Dr. Rachel Murray, surgeon at the Animal Health Trust in Newmarket, did research on nearly 3000 dressage horses and concluded that lameness in foot, hock and suspensory ligament was the most common injury. By using MRI and other diagnostic imaging, such as scintigraphy, it has become much easier to pinpoint the exact problem or injury in a horse. An early diagnosis of injury is essential to avoid damage becoming irreversible, either mentally or physically.
33% of the horses in Murray's research group had been lame at some point, and 23.5% had been lame in the past 2 years, with an average time off of more than five months. 20% of the horses reported suffered from back pain, while 4,6% had breathing problems. Respiratory problems increase the risk for lameness by more than 4 times, which may be due to fatigue, tiredness and less oxygen to the muscles. The types of injuries seen are different in horses at different levels of training. Especially FEI level horses carry more weight on the hindquarters and are more likely to have injuries of the hind limbs.
Signs of lameness are loss of rhythm, usually in one type of movement, resistance in a specific movement, usually on one rein or on a particular surface, and being late in the flying changes behind. Murray remarked that there is a fine line between peak performance and injury. Multiple injuries often occur together. "Horses alter their gaits to compensate. They are more likely to get back pain," she said.
Horses that shuffle behind in pirouettes frequently have problems with the sacroiliac joint, the joint that connects the hind legs to the back. Some horses suffer from kissing spines when they lose their back muscles. They need to be kept in training to strengthen their abdomen. Bigger horses are more injury prone as they have long limbs that need to handle more power and pressure.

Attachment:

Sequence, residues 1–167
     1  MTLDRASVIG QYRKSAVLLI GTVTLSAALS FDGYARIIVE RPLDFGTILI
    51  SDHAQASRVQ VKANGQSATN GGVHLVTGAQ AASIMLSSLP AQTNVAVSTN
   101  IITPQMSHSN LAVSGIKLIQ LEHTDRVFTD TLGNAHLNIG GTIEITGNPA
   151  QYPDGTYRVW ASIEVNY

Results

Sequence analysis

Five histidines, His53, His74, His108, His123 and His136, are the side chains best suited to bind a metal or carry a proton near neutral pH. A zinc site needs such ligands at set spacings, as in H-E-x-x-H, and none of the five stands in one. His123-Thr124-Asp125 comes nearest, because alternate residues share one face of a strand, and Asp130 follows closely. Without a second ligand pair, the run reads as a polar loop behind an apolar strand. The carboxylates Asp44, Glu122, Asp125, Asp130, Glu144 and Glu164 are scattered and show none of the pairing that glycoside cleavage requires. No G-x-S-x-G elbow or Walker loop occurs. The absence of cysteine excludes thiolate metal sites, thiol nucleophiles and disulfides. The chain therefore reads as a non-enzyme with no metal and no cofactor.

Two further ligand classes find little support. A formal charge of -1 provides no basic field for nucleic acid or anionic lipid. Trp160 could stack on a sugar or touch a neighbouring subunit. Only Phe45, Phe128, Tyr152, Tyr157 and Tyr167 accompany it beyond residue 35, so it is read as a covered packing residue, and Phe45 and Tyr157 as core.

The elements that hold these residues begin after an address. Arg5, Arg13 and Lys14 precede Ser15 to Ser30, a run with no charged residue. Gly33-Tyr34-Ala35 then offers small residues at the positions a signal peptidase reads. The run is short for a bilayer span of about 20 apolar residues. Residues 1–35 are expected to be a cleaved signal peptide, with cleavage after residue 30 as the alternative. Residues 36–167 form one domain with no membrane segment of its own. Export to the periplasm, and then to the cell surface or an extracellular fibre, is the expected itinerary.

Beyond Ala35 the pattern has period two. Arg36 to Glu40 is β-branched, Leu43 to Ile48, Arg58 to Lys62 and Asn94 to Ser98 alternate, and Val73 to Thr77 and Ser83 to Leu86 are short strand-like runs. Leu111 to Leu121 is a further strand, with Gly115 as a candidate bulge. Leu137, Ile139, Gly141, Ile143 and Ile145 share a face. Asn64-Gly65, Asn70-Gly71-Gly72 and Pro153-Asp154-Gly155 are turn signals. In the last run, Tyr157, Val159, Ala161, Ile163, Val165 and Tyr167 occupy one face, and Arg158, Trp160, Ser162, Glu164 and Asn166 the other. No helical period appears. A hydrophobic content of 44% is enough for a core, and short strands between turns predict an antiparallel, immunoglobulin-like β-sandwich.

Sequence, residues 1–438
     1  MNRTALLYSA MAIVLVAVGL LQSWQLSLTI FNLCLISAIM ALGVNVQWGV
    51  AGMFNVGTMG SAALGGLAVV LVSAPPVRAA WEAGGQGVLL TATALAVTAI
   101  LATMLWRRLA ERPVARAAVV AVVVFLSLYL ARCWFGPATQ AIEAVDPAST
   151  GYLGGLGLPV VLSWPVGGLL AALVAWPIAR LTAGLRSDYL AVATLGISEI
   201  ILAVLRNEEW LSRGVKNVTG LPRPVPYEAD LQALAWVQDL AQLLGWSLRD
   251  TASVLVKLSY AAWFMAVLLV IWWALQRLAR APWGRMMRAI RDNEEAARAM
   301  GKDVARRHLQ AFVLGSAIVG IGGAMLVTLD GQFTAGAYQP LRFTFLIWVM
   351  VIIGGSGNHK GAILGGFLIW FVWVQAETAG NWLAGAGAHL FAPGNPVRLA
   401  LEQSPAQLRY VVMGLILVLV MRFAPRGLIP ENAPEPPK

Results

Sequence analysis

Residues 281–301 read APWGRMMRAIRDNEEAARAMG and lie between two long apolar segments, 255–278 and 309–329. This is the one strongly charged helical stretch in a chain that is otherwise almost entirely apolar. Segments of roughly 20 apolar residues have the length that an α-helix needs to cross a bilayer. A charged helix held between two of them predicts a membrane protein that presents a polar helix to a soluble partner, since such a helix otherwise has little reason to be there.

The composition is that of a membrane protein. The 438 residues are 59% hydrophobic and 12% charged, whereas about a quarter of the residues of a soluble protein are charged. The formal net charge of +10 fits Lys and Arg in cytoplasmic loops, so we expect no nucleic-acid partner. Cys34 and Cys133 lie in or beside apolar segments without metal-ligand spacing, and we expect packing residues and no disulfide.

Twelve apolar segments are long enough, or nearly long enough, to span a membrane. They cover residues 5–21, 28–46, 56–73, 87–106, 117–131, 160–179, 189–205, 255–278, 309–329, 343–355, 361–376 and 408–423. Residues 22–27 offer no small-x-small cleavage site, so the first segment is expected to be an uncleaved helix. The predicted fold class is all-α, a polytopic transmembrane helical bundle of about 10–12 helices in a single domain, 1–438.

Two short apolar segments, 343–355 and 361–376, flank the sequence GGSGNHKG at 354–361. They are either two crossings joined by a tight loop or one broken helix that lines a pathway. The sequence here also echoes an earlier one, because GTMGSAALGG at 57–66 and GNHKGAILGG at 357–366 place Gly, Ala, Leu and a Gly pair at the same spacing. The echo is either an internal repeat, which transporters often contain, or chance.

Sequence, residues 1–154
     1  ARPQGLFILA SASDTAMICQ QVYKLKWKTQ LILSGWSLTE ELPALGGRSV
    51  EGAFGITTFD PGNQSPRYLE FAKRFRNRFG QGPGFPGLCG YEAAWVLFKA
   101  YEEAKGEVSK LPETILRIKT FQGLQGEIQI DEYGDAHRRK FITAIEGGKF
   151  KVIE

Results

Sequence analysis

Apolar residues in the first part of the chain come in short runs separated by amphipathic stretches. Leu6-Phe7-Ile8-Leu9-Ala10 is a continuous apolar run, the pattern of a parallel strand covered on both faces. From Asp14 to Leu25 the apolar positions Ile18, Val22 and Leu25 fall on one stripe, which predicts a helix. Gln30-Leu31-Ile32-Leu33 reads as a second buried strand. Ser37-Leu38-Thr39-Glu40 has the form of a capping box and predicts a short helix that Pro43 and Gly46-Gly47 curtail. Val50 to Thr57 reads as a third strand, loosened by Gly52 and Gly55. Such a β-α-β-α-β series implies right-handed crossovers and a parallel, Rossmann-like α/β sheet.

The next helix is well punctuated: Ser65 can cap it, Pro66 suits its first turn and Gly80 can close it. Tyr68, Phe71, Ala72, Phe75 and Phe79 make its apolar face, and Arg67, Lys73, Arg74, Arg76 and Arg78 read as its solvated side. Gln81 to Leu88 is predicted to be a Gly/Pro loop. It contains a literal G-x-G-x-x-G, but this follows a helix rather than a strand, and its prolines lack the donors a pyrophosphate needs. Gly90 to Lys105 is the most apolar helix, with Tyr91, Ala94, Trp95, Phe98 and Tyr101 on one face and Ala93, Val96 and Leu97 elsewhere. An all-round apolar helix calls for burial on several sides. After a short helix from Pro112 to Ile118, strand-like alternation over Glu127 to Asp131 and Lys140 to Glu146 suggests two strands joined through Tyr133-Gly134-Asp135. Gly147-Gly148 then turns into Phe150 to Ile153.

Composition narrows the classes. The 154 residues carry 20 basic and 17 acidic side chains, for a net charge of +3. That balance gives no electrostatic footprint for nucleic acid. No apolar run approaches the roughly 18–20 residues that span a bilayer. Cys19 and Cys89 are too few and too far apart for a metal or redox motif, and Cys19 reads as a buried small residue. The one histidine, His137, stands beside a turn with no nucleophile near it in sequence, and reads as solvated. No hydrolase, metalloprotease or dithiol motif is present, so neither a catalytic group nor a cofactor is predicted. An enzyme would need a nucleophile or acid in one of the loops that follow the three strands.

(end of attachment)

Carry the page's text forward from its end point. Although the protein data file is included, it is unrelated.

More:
Murray confirmed that training on multiple surfaces is good for the co-ordination of the horse. "In order to adapt to this change they have to strengthen their bones and ligaments, she explained. "The larger the arena, the better." Murray compared the brain of a horse to that of a cat. "They are not good at thinking but very good at coordinating their limbs."
Training has to be done for strength and endurance and not just skill. Lunging and jumping are useful for the development of core muscle strength, which is protective against injury. Each training session needs to have a proper warm up, a training and a cool down for the recovery of the horse.
Probably the most important statement made during Murray's session was the undeniable fact that regular and long turnout of horses in the field is protective against lameness. As the horse is able to move around much more it keeps itself flexible. Most dressage riders lock up their horse and only ride it or hand-walk it, but turnout improves the bone, tendon and muscle structure. Murray stressed that correct shoeing has a tremendous impact on the biomechanics of a horse. A fitting saddle is also paramount as it reduces back pain considerably.
Murray is a very eloquent and fast speaker and her academic approach to injury was illuminating, though for some auditors a bit too much to cope with. To conclude her session, Murray asked the audience to look at a 3-year old being lunged in a different way. She focused on the way the horse puts his legs down and is putting pressure on its joints. Imke Schellekens rode her upcoming Grand Prix horse Victoria (by Havidoff x El Corona), while Murray zoomed in on the pressure points on the bones and muscles in the lateral movements, pirouettes and piaffe and passage.
Text and photos copyrighted Astrid Appels/Eurodressage.com
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